Organization of the Evangelical Lutheran Church in America
On January 1, 1988, the Evangelical Lutheran Church in America ("ELCA")1 became the surviving corporation in a corporate merger involving three Lutheran church bodies (The American Lutheran Church, the Lutheran Church in America, the Association of Evangelical Lutheran Churches). The ELCA consists of three expressions. (See Constitution, Bylaws, and Continuing Resolutions of the Evangelical Lutheran Church in America ("CBCR"), 8.10. et. seq.) One expression is the "churchwide organization."2 (CBCR 8.14., 11.10. et. seq.) A second expression is the 65 area organizations known as synods, each of which is separately incorporated. (CBCR 10.01. et. seq.) The third expression is the approximately 11,000 congregations, most of which are also separately incorporated.3 (CBCR 9.11. et. seq.) The relationships between the three expressions are primarily ecclesiastical rather than legal. (CBCR 8.17.) The ecclesiastical relationships are defined by the CBCR and the corresponding required provisions of the synod and congregation constitutions. (CBCR 8.10., 9.10. - 9.90., 10.01.-10.80., 11.10. -11.40.; Constitution for Synods ("S")4; and Model Constitution for Congregations ("C").)5 The constitutions of most congregations, all synods and the churchwide organization also serve as the corporate bylaws for each organization.6
Legally, the churchwide organization, each congregation and each synod are separate and distinct from every other expression of this church. This distinction is important. The legal status of congregations, synods and the churchwide organization allow them to function in the secular world by among other things entering into contracts and owning and disposing of property. In contrast, the ecclesiastical relationships defined by the governing documents of the different expressions of the church are religious and therefore protected by the First Amendment to the United States Constitution from interference by the secular world and, in particular, civil courts. (CBCR 8.17.)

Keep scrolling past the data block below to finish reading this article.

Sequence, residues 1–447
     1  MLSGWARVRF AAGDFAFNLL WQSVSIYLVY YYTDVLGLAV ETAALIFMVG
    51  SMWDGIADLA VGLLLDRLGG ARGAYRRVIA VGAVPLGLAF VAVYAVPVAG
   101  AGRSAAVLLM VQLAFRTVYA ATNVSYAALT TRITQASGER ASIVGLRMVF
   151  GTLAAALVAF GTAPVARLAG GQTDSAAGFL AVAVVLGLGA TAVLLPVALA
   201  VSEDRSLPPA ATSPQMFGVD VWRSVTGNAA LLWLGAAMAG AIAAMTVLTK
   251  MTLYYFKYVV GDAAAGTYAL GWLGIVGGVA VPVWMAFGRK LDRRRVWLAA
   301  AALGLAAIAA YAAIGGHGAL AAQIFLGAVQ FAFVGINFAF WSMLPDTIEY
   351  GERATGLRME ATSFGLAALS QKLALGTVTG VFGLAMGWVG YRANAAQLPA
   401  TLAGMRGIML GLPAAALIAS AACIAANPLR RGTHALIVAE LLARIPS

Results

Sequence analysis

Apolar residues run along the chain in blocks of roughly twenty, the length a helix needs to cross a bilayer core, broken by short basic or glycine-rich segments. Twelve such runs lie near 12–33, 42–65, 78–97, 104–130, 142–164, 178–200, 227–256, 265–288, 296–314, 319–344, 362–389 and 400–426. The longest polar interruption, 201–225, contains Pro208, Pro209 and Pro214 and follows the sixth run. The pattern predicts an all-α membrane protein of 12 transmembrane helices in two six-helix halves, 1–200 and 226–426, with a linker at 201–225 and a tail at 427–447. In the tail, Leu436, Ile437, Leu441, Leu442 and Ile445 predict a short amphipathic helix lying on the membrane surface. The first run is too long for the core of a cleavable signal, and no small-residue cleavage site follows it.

For a more detailed discussion of the organization of the ELCA see the Constitutions, Bylaws, and Continuing Resolutions of the Evangelical Lutheran Church America, the Constitution for Synods and the Model Constitution for Congregations, The ELCA Yearbook, and One Great Cloud of Witnesses by the Rev. Lowell G. Almen. All can be ordered from Augsburg Fortress.
1 To avoid confusion, "ELCA" will be used when referring to all three expressions of this church collectively and "churchwide organization" will be used when referring to the corporate entity.
2 The "Evangelical Lutheran Church in America" is the legal name of the Minnesota nonprofit corporation, that is the churchwide organization. (CBCR 1.01.)
3 Congregations are to incorporate whenever possible. Currently, only West Virginia prohibits incorporation of churches.
4 Required provisions in the Constitution for Synods are coded with a "†".
5 Required provisions in the Model Constitution for Congregations are coded with an "*".
6 In the ELCA, the corporate bylaws of the churchwide organization, synods and congregations are referred to as the constitution of a particular organization. This can be somewhat confusing since each organization can also adopt bylaws. The term bylaws, as used in the governing documents of the various expressions of this church, does not refer to corporate bylaws.